I don’t have a direct answer to your question concerning stock ride height of LC100. There will be three answers, one for “100 series” with Independent Front Suspension (no AHC), another answer for “100 series” with Independent Front Suspension (with AHC) and a third answer for “105” series with Rigid Axle Front Suspension (no AHC) – all stock off the shop floor at tare weight without passengers, load, nor any accessories nor after-market fittings.

As you have an LX470 with AHC deleted but with standard Independent Front Suspension, may I suggest a different approach?

Firstly, it is worthwhile to understand the measurements provided by Toyota for the LC100 variants. Go to the Factory Service Manual (FSM) at
https://lc100e.github.io/manual/
Then at the index panel on the left hand side of the opening page, follow these tabs:
Repair Manual > SUSPENSION AND AXLE > FRONT WHEEL ALIGNMENT (Independent Front Suspension > INSPECTION

The first page at this reference reveals Toyota diagrams and dimensions for both FRONT and REAR of the vehicles with various engines in various markets (USA is included in “General”) and with and without AHC. It is done this way because, technically, front end wheel alignment cannot be done correctly unless the rear geometry also is correct. Note that the dimensions given for “with AHC” are universal in all markets.

Perhaps different to your understanding, the LX470 does have a “stock height”. These are the same dimensions as given at this reference for the LC100 with IFS and "with AHC" because the frames are the same. The dimensions are measured when the AHC height is selected at “N” on the console switch and the vehicle is settled at that position. (It is not relevant to your question, but this “height” is quite important to AHC Owners because all AHC diagnostics and adjustments – such as cross-levelling, height settings, neutral pressures, etc, etc – must be measured at this position).

All these dimensions are very fiddly to check under the vehicle body. For that reason and to sidestep issues with non-standard tyre sizes, in relation to LC100 and LX470 (both with AHC) IH8MUD members have adopted hub-to-fender measurements of standard 'operating heights' of
Front: 19.75 inches (or 500 millimetres), and,
Rear: 20.50 inches (or 520 millimetres)

with AHC height setting at “N”, measured with vehicle on a level surface with engine running and AHC operational. These dimensions have been found to be an easy-to-measure good approximation to the FSM specifications. (Modified 'lifted' vehicles will be different).

AHC Owners also are aware of the potential higher and lower height selections they can make subject to prescribed speed and load limits:

View attachment 2563078

So in the case of your LX470 with AHC deleted, may I suggest that you check your Front and Rear hub-to-fender measurements and compare them with
  • the hub-to-fender measurements for LX470 with AHC operating at “N” height setting as described above, and,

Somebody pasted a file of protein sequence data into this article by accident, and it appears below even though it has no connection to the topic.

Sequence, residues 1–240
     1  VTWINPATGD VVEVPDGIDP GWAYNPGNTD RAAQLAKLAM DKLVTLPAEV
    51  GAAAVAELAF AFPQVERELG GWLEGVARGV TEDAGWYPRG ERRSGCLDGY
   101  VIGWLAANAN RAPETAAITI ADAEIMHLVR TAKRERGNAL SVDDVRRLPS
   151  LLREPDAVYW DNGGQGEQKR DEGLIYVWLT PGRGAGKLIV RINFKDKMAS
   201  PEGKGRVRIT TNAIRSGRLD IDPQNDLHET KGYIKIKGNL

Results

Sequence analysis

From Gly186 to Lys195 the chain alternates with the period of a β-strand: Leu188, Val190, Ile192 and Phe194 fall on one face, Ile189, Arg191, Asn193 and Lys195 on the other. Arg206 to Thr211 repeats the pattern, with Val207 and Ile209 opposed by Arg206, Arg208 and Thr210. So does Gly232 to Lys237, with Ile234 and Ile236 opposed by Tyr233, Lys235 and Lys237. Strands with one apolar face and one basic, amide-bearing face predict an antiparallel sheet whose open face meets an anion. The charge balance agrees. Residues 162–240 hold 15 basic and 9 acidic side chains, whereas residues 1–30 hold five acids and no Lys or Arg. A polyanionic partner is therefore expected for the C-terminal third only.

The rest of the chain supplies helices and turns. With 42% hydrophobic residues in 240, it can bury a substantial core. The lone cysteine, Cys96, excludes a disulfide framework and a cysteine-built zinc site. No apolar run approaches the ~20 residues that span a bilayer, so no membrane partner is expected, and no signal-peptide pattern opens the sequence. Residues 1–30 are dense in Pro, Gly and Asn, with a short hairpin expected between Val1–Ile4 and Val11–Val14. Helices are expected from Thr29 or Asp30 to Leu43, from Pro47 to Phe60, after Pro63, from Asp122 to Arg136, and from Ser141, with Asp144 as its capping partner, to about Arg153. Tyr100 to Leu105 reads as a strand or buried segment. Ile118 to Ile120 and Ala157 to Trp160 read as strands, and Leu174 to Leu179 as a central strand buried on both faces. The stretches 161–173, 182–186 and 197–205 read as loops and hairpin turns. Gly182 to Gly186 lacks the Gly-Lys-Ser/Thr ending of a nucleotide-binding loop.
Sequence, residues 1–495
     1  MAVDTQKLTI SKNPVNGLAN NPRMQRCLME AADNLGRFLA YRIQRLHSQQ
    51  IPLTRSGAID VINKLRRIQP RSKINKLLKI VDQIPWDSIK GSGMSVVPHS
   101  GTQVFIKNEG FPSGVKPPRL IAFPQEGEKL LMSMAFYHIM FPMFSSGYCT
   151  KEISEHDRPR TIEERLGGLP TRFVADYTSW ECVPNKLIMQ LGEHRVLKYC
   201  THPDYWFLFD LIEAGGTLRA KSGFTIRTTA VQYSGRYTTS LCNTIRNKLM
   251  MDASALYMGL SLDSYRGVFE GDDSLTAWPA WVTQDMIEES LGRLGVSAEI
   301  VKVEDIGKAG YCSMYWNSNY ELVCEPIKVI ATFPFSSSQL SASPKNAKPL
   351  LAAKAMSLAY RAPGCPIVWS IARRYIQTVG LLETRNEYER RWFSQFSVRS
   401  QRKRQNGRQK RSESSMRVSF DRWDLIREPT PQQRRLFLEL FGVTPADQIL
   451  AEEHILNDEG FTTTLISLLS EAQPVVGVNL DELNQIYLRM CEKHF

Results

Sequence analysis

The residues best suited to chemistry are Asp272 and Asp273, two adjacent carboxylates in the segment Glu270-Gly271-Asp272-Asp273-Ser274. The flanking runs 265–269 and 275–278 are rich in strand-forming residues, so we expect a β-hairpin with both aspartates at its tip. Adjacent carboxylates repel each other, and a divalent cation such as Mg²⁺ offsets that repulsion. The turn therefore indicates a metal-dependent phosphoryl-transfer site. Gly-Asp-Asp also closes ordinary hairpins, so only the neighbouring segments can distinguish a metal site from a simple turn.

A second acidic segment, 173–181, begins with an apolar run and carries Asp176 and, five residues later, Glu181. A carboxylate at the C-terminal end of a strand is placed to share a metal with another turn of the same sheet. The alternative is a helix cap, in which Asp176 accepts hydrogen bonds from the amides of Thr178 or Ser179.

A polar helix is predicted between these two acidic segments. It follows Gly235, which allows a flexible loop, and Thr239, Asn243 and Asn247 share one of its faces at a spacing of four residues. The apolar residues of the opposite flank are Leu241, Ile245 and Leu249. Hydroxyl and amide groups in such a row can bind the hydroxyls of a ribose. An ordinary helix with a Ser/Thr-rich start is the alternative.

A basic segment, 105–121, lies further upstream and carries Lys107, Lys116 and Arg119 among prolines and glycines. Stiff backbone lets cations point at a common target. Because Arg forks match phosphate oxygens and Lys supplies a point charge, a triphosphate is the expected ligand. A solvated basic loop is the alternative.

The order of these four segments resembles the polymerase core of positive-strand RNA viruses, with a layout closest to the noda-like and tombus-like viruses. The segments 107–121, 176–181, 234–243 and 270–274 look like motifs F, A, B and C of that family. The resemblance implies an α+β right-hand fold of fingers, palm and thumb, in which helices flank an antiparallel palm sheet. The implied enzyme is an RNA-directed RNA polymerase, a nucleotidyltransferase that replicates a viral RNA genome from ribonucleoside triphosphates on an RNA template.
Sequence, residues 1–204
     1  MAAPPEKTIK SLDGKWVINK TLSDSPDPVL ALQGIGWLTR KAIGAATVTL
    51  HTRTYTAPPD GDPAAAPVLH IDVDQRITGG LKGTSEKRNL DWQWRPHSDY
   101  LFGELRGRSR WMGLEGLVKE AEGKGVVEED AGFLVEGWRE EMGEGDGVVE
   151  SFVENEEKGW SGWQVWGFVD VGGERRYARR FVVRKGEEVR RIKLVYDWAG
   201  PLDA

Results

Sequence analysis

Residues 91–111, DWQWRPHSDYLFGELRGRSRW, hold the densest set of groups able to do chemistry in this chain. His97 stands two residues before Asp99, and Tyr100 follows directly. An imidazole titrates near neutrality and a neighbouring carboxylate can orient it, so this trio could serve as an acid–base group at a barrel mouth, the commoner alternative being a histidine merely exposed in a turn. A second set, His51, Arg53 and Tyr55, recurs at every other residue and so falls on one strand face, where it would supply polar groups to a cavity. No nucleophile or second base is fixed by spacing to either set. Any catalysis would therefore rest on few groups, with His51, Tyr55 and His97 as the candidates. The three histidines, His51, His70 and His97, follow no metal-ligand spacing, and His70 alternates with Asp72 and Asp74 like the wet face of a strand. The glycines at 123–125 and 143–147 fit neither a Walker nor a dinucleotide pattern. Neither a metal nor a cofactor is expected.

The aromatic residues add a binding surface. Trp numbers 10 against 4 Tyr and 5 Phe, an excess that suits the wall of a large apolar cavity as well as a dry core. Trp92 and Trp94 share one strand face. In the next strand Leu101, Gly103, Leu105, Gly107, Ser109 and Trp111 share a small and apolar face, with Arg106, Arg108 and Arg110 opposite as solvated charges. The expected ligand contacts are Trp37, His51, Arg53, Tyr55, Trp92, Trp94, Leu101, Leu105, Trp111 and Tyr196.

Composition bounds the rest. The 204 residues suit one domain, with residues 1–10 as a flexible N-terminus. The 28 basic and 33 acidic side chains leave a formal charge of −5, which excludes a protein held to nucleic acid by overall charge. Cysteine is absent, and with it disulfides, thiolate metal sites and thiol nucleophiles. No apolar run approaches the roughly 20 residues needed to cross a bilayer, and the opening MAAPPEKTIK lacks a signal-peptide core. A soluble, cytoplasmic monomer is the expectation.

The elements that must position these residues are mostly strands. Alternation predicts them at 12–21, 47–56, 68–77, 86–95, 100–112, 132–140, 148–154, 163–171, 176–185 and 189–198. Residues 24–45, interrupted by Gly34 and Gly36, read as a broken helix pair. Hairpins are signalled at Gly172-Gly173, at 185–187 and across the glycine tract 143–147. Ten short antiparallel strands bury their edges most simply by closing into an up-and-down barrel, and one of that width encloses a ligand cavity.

• the greater hub-to-fender measurements which would be standard on an LX470 with AHC operating and with “HI” height selected.

This should give you some idea of what has been done to your vehicle when AHC was deleted. You also may be able to see brands or numbers or markings on the shock absorbers, rear springs and front torsion bars which probably were replaced when AHC was deleted – and these may provide some clues.

It would be unsurprising to find that suspension replacement items installed when AHC was deleted have resulted in a ‘lift’ of around 2 inches or 50 millimetres (or possibly more), compared to the “stock” hub-to-fender measurements given above at “N” height. Depending on your actual front hub-to-fender measurements, it may be worthwhile to explore IH8MUD or obtain advice on whether a front 'diff drop' is prudent, if not already done, to reduce axle angles and better protect front CV joints from excessive stress and wear.

Hope this helps ....
Thanks, lots of good info there for me to look into
 
Joined
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Messages
435
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Did you get oem gear (shocks coils and tb’s). If so when the Tb is set accurately For correct droop you will
Be at factory height, if you bought aftermarket coils odds are you will be higher (based on empty load)
I didn't do the AHC deleted, it was done before I purchased the vehicle so I have no idea what it has. Id be very disappointed in myself if I purchased something without knowing what I bought.
 
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Messages
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Um, okay? I'd venture that Mr. T engineers would disagree.
Yes I'm sure toyota has a number but I didn't think it would be common knowledge and so far doesn't appear to be. Since there are different height settings, toyota could theoretically say any of them is the "stock" height. I figured it would be easier, for example, for someone that knowingly had a 2 inch OME lift to tell me they had a measurement of X inches hub to fender. Then I could measure mine and compare very easily. But based on some information above I suppose I can just go off the AHC height in N setting and get a rough idea.
 
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Messages
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Ok so a few updates. Got under there and looked around and unfortunately I have the strutmasters setup. Great! Oh well, I suppose deep down I knew I wanted better suspension than what it had regardless, I'm not too fond of how it handles and I live down a 15 mile rough dirt road. Seems like the suspension is too soft and not enough travel.